“Man in the Long Black Coat,” Bob Dylan, 1989

images-370Within Dylan’s voluminous catalog, there are few songs that match the dark mood and imagery he summons in this stunning track from his well-received 26th LP, “Oh Mercy.”  In countless films and television shows, if there’s death and despair on your doorstep, it often appears as a man in a long black coat, waiting in the shadows to do you harm.  Dylan called the recording “menacing,” with lyrics that paint a picture of his lover falling under the spell of this mystery man:  “Crickets are chirpin’, the water is high, /There’s a soft cotton dress on the line hangin’ dry, /Not a word of goodbye, not even a note, /She gone with the man in the long black coat…”

“High Heel Sneakers,” Tommy Tucker, 1964

images-371Here’s another example of an early rock and roll song that mentions items of clothing to set the stage for an evening out on the town.  The narrator asks his girl to wear a red dress, but also bring some boxing gloves “in case some fool might want to fight.”  Most important are her high heel sneakers, evidently a good choice for dancing.  Robert Higginbotham, whose stage name was Tommy Tucker, wrote and recorded the tune in 1963, and it reached #11 in March 1964, just as The Beatles began their dominance of the U.S. charts.  Three decades later, Paul McCartney recorded the song on his 1991 “Unplugged” album.    

“Gold-Tipped Boots, Black Jacket and Tie,” Jethro Tull, 1991

Unknown-672Ian Anderson, the supreme showman who led Jethro Tull to the top of the charts in the ’70s, was still at it years later when the band released this self-deprecating tune from Tull’s “Catfish Rising” LP in 1991.  As the lyrics explain, Tull was very popular, then not so much in the ’80s, but they turned things around somewhat for a four-album stretch, and he’s wearing fashionable duds now:  “Well, I’ve been second to none, this horse was ready to run, /Now I’m has-been and used, disarmed and de-fused, /But I’m turning again, yes, and I’m turning again, /Wearing gold-tipped boots, black jacket and tie…”   

“Bell Bottom Blues,” Derek and The Dominos, 1970

Unknown-673In 1970, Eric Clapton had fallen in love with Pattie Harrison, ex-Beatle George’s wife, which caused Clapton considerable angst and heartache, because his feelings were not reciprocated by her (at least not right away).  He wrote several songs about it, including the iconic “Layla” and this powerful track from the “Layla” album.  Pattie had mentioned to Clapton how she loved bell-bottom jeans, so when he was on a US tour, he bought her several pair.  You can hear the anguish as he sings these lyrics:  “Bell bottom blues, you made me cry, /I don’t want to lose this feeling, /If I could choose a place to die, it would be in your arms…”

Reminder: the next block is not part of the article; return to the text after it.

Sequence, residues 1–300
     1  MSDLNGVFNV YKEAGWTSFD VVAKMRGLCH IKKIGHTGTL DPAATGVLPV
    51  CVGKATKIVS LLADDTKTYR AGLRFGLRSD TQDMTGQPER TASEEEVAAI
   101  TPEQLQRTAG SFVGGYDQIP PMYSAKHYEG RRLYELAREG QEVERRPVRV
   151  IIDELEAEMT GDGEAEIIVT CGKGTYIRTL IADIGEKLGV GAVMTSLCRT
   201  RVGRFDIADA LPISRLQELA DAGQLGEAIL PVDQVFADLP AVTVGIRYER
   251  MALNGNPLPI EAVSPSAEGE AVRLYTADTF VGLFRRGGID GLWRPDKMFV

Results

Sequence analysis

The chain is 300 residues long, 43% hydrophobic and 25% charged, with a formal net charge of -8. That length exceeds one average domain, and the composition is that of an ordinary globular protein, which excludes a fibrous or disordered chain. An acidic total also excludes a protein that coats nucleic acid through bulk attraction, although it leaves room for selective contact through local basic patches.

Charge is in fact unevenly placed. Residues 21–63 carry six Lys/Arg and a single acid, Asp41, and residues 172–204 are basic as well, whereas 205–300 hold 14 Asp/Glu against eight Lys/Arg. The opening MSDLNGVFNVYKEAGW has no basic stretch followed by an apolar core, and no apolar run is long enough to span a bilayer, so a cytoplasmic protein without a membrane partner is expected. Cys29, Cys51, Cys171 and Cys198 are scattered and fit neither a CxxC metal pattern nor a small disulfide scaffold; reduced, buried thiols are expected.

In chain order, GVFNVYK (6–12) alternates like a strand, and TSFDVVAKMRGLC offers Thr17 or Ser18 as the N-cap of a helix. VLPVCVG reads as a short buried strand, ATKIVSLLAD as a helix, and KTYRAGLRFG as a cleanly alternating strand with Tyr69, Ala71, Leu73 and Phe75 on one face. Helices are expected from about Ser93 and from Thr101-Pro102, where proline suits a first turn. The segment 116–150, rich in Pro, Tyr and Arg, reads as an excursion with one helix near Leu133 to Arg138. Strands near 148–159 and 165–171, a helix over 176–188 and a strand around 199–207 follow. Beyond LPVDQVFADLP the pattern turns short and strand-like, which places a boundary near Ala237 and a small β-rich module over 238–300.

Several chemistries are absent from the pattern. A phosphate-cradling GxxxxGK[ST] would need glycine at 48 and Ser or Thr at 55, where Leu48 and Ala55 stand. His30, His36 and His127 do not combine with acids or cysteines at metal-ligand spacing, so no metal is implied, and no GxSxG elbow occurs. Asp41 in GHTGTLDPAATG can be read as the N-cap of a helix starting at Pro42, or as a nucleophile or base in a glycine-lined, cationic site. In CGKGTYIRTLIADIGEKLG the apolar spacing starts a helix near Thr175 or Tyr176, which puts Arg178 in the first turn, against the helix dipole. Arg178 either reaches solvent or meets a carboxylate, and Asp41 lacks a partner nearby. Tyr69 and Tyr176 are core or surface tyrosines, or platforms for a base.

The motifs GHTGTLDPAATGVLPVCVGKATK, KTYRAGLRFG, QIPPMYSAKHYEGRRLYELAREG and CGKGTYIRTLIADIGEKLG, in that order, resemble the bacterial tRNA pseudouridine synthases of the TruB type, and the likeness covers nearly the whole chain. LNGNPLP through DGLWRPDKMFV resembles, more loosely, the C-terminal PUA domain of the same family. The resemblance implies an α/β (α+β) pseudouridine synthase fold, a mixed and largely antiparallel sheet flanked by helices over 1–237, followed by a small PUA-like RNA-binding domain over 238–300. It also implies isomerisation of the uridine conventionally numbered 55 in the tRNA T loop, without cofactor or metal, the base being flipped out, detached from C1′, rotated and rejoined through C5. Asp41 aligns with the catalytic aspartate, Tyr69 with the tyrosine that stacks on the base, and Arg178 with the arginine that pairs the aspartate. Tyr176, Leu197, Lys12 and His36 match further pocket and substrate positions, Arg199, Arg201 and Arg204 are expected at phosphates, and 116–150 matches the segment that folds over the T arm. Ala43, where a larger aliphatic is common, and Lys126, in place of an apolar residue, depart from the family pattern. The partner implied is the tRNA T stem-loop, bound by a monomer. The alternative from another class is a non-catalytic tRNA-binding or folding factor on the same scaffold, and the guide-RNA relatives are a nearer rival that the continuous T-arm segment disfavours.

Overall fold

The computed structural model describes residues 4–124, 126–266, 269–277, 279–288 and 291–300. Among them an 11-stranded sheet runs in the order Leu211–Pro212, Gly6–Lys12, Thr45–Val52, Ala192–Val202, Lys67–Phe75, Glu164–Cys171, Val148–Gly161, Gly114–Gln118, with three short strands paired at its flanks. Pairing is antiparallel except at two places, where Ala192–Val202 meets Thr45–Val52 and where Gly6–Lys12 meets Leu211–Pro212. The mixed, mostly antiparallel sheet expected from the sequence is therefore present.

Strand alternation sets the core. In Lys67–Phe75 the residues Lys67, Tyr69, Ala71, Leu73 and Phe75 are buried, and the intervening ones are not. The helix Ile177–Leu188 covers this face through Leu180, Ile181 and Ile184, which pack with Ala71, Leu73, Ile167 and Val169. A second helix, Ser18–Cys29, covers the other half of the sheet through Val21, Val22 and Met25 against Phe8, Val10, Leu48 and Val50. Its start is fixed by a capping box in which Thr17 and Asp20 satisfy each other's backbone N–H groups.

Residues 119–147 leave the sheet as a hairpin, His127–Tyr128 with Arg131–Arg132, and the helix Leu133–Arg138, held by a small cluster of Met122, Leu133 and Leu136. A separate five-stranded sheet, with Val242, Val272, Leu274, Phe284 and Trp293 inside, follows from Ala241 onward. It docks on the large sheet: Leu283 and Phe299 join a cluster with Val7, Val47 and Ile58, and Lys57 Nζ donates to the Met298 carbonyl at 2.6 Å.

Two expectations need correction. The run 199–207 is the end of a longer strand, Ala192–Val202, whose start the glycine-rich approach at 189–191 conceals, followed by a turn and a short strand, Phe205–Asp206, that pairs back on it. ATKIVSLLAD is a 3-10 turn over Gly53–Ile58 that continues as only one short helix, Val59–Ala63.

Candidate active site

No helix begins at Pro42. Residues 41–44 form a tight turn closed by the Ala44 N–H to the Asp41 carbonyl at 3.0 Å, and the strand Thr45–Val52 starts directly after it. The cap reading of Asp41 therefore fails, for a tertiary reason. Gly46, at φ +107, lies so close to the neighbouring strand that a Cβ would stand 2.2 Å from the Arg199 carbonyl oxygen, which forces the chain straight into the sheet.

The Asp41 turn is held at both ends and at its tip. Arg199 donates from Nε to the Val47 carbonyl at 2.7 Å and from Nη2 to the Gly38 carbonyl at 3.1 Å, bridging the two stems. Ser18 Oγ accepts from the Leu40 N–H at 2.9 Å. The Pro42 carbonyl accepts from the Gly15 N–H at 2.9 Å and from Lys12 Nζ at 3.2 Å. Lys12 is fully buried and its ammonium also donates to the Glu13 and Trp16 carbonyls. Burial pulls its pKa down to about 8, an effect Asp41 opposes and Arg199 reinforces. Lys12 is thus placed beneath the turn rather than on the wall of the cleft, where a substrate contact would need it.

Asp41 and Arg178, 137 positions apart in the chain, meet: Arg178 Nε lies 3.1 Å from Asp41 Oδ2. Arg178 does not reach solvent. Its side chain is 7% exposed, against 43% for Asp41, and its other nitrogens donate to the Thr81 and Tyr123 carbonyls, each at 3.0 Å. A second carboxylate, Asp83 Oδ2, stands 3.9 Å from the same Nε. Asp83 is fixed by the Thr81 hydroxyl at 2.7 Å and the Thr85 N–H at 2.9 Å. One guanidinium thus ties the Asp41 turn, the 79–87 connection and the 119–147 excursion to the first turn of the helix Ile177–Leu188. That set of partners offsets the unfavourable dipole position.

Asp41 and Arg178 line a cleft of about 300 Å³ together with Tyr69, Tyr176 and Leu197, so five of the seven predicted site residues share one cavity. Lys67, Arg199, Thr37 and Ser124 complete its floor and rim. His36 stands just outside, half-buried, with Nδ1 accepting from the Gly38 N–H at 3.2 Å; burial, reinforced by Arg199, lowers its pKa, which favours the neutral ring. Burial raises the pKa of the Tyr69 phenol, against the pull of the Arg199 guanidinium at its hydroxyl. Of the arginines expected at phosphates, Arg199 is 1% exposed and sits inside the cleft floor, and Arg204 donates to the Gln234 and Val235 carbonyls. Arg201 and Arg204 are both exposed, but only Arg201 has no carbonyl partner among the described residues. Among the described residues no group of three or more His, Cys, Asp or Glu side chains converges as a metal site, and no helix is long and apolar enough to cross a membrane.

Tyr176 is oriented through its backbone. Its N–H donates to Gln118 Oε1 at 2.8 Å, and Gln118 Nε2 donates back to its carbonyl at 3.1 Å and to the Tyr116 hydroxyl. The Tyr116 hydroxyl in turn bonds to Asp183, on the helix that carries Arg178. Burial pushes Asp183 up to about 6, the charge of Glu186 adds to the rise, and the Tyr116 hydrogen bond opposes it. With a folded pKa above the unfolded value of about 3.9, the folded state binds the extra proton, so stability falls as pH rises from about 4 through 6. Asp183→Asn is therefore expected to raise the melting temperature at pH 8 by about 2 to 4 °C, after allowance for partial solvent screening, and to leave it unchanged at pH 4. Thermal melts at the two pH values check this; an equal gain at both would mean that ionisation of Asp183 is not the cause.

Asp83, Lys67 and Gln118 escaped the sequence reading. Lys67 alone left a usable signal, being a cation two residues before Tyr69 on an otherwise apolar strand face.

“Itsy Bitsy Teeny Weeny Yellow Polka Dot Bikini,” Brian Hyland, 1960

Unknown-674In 1946, a Paris designer came up with the skimpy two-piece women’s swimsuit that he named after the Bikini Atoll in the South Pacific where nuclear bomb tests were held, hoping his creation would have the same explosive effect on culture.  That didn’t happen for another 15 years, when the wild and freewheeling Sixties arrived.  But in 1960, it was still very risqué on most beaches, which is why Hyland’s bossa nova novelty tune “Itsy Bitsy” made such a big impression, reaching #1 that summer in the US and a half-dozen other countries.  About a hundred artists around the world recorded cover versions in numerous languages.    


Honorable mention:

Zoot Suit Riot,” Cherry Poppin’ Daddies, 1990;  “Those Shoes,” The Eagles, 1979;  “Saturday Clothes,” Gordon Lightfoot, 1970;  “Leopard Skin Pillbox Hat,” Bob Dylan, 1975;  “Famous Blue Raincoat,” Leonard Cohen, 1971;  “I Love My Shirt,” Donovan, 1969;  “Raspberry Beret,” Prince, 1983;  “Leather Jackets,” Elton John, 1986;  “Forever in Blue Jeans,” Neil Diamond, 1971.